It is not necessarily the case that the political community in which a Reform Jew resides will permit the full exercise of her/his moral rights in all spheres of life. When a political community in which a Reformer resides prohibits her/him from performing an action that Reform Judaism permits, the situation is described as one in which the Reformer has a moral right to perform the action, but not a legal one. In a democracy such as the United States, Reform Jews are for the most part able to act on their religious principles without difficulty. Religious communities can be organized in America in which individual members enjoy religious autonomy with respect to their theological beliefs and ritual observances. However, when we come to the matter of Reformers possessing the legal right to follow Reform Jewish principles with respect to bioethical issues, difficult problems arise.
Having said this, we return to the question of the morality of suicide. From the brief statement of the principles of Reform Judaism given above, it is evident that a Reform Jew has a moral right to commit suicide. Inasmuch as a person is her/his own ultimate owner and possesses, therefore, a fundamental right to self-authority, that is to do with her/himself as she/he wishes, one has the right to take one’s own life. Performance of an action to which a person has a moral right is a moral action. It goes without saying that a Reform Jew who unsuccessfully attempts suicide has acted morally. One has equal self-authority to attempt suicide and fail as to attempt suicide and succeed.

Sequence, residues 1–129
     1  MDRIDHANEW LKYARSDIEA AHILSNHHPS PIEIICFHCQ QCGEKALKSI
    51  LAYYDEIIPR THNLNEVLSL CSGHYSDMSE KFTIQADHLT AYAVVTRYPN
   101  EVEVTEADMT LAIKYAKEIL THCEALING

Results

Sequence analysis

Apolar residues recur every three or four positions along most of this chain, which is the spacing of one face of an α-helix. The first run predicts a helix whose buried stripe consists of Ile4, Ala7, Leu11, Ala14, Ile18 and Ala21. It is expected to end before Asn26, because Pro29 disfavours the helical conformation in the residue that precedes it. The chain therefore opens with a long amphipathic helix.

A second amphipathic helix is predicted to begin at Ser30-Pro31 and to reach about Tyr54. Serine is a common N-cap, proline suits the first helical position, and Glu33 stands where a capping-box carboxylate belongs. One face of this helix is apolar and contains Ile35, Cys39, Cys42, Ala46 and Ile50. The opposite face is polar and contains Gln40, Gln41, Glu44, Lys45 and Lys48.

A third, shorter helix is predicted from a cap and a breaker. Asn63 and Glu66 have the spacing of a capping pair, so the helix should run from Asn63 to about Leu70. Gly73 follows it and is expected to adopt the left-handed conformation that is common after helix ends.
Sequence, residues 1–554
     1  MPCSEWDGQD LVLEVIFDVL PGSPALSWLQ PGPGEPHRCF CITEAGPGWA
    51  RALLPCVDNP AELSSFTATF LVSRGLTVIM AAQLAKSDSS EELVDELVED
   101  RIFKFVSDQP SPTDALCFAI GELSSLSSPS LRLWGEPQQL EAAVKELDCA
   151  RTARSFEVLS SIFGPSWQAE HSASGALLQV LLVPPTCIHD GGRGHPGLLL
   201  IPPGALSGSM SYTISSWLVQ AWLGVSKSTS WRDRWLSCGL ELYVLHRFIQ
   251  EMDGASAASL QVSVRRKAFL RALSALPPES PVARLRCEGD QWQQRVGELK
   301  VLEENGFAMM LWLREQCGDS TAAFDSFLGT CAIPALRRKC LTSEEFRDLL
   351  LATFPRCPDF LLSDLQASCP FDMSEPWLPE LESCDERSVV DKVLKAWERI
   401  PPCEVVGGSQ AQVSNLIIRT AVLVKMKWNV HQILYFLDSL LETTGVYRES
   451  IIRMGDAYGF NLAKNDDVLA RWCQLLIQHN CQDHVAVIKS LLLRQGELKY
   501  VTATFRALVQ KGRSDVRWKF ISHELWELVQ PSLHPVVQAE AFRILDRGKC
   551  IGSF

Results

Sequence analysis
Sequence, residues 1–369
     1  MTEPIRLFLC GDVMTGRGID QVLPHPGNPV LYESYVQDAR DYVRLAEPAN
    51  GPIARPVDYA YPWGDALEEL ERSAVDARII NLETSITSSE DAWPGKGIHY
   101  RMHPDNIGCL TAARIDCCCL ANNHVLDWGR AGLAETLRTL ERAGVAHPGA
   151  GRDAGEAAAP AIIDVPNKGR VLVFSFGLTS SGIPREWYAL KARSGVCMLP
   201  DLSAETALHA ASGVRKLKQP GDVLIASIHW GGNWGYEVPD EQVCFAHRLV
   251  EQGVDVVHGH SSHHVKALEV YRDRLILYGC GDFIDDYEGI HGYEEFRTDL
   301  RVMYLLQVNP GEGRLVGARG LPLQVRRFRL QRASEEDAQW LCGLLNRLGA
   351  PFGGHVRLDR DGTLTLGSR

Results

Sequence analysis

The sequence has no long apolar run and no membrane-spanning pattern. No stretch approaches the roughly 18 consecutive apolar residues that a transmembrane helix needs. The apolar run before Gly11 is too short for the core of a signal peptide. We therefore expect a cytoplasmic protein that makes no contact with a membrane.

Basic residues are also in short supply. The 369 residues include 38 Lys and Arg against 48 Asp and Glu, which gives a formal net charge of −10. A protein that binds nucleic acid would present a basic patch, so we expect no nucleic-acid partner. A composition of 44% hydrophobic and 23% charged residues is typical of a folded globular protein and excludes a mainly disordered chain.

Yet still another point flows from Reform principles. This is that a Reform Jew, as owner of her/himself, can transfer the moral right to do with her/himself as she/he wishes to another person so that the latter then has a moral right to do for or to the Reformer that which she/he delegates the other person to do. Hence a person to whom a Reform Jew has transferred the moral right to assist her/him to commit suicide has a moral right to render such assistance. The next point is equally clear. Since a Reform Jew has a moral right to take her/his own life and the authority to transfer this right to another, then a Reformer can give another person the moral right to take the Reformer’s life.
An enumeration and restatement of the above points will con tribute to clarifying the discussion that follows:
- A Reform Jew has a moral right to commit suicide.
- An unsuccessful attempt to commit suicide by a Reform Jew is a moral action.